It wasn’t originally on our radar but Langkawi turned out to be a worthy stop.
We decided to stay where most others stay – Pantai Cenang, the most developed strip of beach on the island. Compared to some Thai beach resorts though it is barely developed at all. There are plenty of overpriced restaurants but strangely also some cheap, authentic local places. It’s not a bad mix.
One of the unique things about Langkawi is that it is a duty free island, so alcohol is a lot cheaper than the rest of Malaysia. A can of beer is around RM2 from a convenience store, opposed to RM6-8 elsewhere in the country. Draft beers at a bar can be had for RM5. Strangely though this doesn’t translate into much nightlife at all, aside from a couple of overpriced or dull looking bars. There is one shack style bar slap bang in the middle of the main strip which was good fun though.
The Pantai Cenang beach is also fairly nice, but we were sure there was better elsewhere.
However Langkawi is a big island, with no public transport so your own wheels are almost essential. Luckily scooter rental is affordable and petrol very cheap.
We decided a swim in a waterfall would be fun so headed straight to the seven wells waterfall in the north west of the island. After parking we hiked a short way to the base of the waterfall and after admiring it me and Alex jumped straight in. It was quite cold but very refreshing and really pleasant to swim in unlike some waterfalls we’ve visited.
The best thing was the rocks that created a natural waterslide! It was a bit scary but after seeing Alex tackle it and not die, I went for a few goes too and it was awesome.
It turned out afterwards that the seven wells were actually at the top of the waterfall, up a long trail. So we didn’t properly see it, but who cares? It was fun.
We could have visited the Langkawi cable car, as we passed it on the way to the waterfall but with our budget in mind, and mindful of the fact it was quite misty, we decided to give it a miss.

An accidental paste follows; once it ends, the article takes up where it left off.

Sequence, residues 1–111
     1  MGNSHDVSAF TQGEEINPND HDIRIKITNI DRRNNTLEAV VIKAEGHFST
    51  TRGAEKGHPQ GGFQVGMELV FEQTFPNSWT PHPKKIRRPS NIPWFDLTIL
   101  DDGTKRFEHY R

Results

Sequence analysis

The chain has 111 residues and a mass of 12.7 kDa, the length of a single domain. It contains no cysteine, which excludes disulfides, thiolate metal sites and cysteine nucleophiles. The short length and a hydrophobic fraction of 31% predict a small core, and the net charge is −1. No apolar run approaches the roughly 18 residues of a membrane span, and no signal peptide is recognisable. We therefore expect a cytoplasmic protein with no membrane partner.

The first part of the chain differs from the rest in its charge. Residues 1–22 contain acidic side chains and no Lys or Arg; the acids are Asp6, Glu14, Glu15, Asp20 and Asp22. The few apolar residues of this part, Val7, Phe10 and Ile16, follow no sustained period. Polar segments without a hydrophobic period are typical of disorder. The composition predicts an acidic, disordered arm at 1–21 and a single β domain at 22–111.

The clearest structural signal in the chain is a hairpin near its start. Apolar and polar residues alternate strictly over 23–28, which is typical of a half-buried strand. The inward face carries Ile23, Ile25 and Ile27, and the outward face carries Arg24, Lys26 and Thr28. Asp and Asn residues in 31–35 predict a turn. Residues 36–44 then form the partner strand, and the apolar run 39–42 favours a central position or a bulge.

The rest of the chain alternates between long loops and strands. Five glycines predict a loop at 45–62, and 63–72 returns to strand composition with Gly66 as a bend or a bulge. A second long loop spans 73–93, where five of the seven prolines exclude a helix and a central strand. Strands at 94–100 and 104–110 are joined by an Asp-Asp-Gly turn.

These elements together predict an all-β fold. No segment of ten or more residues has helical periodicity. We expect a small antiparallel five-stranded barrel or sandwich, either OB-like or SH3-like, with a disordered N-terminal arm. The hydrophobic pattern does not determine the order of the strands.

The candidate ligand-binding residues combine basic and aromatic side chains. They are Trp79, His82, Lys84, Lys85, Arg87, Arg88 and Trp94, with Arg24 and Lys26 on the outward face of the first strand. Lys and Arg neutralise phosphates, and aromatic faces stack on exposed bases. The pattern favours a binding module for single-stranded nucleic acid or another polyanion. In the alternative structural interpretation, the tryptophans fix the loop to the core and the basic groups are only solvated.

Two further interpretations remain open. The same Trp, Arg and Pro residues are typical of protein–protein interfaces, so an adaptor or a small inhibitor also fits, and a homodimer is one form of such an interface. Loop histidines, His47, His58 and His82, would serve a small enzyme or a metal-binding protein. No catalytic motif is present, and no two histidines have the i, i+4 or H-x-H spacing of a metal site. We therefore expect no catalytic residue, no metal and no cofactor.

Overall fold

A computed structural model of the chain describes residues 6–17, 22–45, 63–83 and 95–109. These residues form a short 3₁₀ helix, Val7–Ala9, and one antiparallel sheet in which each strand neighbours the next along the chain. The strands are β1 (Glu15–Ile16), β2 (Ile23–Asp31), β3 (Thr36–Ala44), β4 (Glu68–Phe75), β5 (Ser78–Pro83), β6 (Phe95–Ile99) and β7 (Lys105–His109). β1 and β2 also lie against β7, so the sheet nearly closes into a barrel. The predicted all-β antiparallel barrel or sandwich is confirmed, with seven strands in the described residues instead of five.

Next we decided on some beach time so headed to Tanjung Rhu, home to apparently the best and most isolated beach on the island. It adjoins a resort and when driving up we were handed a list of ‘rules’ to abide by while on their private property. It was definately worth the drive. We were greeted by a beautiful beach with hardly anyone on it, surrounded by greenery.
Nearby the beach were mangroves, and we wanted to do a tour of them. Unfortunately it was excruciatingly expensive, at around RM250 (£50) for an hour, which was well out of our price range.
We also paid a visit to the black sand beach, which at first looks like the result of an oil spill but is actually caused by a combination of minerals unique to the area. This was not one for sunbathing.
Both days we went out we stumbled across night markets on our way back. They seem to have one in a different location each day as many of the vendors were the same. The food was SO cheap and SO delicious. We especially liked these small crispy crepes which went for 50 sen each (£0.10).
On the way back we pulled over to see the sun setting over some rice paddies.
It doesn’t get the best rep but we quite liked Langkawi. Have you been? What did you think?
We arrived via direct ferry from Penang. The ride took around 2 hours and was one of the roughest ferry trips we’ve ever taken. Even I felt ill and I never get travel sick. The ticket was RM60 each plus a small surcharge for our hostel to book it. There are 2 ferries a day and they strangely leave at 8.15 and 8.30am. Quite why they couldn’t stagger the times a bit I’m not sure.
Scooter rental cost around RM30 per day and petrol RM2.10 (£0.40) per litre.
We stayed at The Cottage, at the west end of Pantai Cenang. It is most definitely a budget backpacker place but it was clean and fairly decent. Rooms were pretty small, even more so with Alex sleeping on the floor, but overall it was decent. 7/10